Congressman Mullin Promotes Water Resource Act's Impact on Green Country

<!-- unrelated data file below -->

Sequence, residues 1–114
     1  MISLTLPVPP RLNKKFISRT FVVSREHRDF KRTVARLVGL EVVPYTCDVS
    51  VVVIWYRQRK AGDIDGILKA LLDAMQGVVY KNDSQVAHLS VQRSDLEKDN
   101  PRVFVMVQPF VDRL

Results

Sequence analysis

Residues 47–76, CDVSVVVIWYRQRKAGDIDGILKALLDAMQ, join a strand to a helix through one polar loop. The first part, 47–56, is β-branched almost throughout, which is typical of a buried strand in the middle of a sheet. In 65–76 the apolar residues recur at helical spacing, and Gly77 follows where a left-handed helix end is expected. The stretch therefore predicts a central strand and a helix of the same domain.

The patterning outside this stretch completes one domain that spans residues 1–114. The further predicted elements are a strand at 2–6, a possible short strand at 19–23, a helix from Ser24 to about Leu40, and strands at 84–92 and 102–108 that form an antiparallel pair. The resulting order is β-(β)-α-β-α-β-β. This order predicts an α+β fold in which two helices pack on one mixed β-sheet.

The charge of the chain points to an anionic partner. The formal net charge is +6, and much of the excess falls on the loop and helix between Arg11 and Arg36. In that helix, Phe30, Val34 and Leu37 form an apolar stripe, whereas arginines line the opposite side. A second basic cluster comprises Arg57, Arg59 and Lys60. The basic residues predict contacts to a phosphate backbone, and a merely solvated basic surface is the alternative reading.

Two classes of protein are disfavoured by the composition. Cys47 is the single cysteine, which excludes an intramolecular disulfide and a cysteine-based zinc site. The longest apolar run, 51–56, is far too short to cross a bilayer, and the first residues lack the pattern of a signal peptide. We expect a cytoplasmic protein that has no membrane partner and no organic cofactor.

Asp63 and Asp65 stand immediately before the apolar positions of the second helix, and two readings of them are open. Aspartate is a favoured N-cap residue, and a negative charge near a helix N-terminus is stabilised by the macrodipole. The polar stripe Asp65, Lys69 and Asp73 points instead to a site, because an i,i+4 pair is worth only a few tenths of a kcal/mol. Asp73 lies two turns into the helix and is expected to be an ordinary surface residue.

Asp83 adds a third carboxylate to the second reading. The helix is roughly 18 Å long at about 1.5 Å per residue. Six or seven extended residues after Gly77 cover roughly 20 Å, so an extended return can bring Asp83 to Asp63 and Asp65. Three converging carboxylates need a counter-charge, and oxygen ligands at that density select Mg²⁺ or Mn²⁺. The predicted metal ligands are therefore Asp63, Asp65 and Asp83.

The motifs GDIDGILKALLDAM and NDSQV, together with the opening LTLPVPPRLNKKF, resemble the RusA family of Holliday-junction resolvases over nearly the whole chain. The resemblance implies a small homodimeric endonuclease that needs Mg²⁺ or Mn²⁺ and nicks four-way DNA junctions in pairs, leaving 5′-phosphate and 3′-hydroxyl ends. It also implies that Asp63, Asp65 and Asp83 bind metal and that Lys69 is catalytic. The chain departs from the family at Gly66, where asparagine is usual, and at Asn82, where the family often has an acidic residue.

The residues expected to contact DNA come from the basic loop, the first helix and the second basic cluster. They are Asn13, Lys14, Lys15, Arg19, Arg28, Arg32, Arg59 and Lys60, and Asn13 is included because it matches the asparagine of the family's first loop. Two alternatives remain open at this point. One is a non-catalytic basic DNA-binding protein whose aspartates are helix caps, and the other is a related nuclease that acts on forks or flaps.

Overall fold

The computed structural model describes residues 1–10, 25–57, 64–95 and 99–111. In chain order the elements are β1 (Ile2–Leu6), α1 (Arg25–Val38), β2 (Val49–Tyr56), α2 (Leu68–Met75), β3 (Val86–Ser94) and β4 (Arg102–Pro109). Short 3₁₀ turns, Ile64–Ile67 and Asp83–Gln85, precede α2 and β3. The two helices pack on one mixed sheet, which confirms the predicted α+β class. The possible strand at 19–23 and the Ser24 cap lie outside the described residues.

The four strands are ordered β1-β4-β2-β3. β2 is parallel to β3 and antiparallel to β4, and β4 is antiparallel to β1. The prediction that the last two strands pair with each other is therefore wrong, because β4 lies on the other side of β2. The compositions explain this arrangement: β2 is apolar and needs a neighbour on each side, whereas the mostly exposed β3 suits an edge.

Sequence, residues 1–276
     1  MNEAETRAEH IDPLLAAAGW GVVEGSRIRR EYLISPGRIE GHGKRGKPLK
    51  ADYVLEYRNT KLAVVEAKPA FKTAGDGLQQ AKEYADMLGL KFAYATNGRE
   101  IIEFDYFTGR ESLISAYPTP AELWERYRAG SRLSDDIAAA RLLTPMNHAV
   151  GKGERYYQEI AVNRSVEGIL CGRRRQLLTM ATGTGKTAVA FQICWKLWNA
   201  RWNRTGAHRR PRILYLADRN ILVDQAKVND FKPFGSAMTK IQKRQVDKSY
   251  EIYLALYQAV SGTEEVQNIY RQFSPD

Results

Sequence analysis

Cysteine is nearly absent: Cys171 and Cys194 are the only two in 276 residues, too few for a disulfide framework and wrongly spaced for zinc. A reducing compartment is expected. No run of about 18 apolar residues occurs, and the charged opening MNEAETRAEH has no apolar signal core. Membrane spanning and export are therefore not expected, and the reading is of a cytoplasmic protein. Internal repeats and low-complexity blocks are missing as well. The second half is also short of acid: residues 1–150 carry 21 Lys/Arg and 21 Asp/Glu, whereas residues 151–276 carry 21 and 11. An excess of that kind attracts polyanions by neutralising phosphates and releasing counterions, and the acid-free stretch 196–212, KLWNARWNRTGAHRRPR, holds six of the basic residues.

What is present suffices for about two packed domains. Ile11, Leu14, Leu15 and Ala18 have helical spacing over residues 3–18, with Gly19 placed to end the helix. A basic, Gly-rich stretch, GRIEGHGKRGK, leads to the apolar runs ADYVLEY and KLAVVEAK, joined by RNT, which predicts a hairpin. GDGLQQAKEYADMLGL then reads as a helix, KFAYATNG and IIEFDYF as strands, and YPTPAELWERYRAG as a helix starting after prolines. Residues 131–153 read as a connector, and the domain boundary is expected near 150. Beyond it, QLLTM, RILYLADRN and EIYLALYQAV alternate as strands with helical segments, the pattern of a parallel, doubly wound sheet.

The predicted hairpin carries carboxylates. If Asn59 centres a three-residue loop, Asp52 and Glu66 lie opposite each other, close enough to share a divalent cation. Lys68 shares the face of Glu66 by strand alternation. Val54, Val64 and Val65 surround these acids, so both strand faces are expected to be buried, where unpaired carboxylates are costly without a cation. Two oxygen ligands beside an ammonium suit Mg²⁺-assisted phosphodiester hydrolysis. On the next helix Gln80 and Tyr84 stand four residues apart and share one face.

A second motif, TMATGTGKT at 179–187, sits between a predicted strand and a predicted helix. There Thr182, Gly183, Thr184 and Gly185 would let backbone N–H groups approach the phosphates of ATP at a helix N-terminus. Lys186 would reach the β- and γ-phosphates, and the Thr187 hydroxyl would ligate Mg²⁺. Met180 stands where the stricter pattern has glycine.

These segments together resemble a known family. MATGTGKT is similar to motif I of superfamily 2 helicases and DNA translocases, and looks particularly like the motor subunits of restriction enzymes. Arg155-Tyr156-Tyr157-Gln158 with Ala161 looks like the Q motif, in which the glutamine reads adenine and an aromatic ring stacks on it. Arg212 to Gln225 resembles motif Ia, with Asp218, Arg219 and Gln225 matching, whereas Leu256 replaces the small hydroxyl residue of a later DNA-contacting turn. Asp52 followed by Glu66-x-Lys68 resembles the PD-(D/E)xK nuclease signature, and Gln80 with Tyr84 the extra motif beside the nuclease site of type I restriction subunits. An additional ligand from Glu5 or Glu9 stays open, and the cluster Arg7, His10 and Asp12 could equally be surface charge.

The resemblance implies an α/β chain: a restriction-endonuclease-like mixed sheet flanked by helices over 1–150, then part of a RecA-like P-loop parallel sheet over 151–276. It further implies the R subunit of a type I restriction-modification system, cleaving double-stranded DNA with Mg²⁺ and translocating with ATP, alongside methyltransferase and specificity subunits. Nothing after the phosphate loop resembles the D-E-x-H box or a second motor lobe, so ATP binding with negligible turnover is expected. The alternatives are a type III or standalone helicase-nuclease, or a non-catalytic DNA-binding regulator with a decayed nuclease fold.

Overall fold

Congressman Markwayne Mullin visited the Port of Catoosa Friday to discuss the local impact of a water resources act he worked on.Mullin is the only Oklahoman on the House of Representatives' Transportation and Infrastructure Committee. He helped push the Water Resources Reform and Development Act (WRRDA) through the House with only three dissenting votes. The Senate has also voted to approve the measure."In a time when partisanship is alive and well in D.C., this came through with bipartisan support, overwhelming bipartisan support," Mullin said. He explained that the House's draft of the act does not include any earmarks. It is meant to benefit the nation's economy through its waterways.The act addresses rivers, dams, ports, and other infrastructure. It is the most recent water resources bill since 2007.WRRDA cuts $12 billion of older, reportedly inactive, projects to waterways. Mullin explained that some Corps of Engineers projects were lasting 15 or more years. The act caps the federal cost of Corps feasibility studies to $3 million. It also limits feasibility studies to three years.WRRDA allows the Corps of Engineers to work with states and industries for projects.The act includes $63 million for 20 major projects. Mullin said that includes improving locks on rivers. He said currently, some locks have a 50 percent chance of malfunctioning in the next several years. He said a broken lock could cost Oklahomans $2 million per day."It's going to create jobs," Mullin said.Mullin said the act authorizes Cherokee Nation to build its hydroelectric dam that has been in the works for years. He said Cherokee Nation will then be able to sell its energy. Cherokee Nation told Channel 8 it could still be some time before any energy production happens. However, the tribe thanked Mullin and Senator Jim Inhofe for pushing the measure forward.Mayor Dewey Bartlett attended the press conference at the Port of Catoosa. He said oil exports at the port are doing good things for the local economy."The mission here at the port is job creation, job support, industrial expansion, all the great things that make our collective communities in northeastern Oklahoma grow, prosper, and look to the stars for the future," Bartlett said.Mullin said the House and Senate are planning to conference on the act.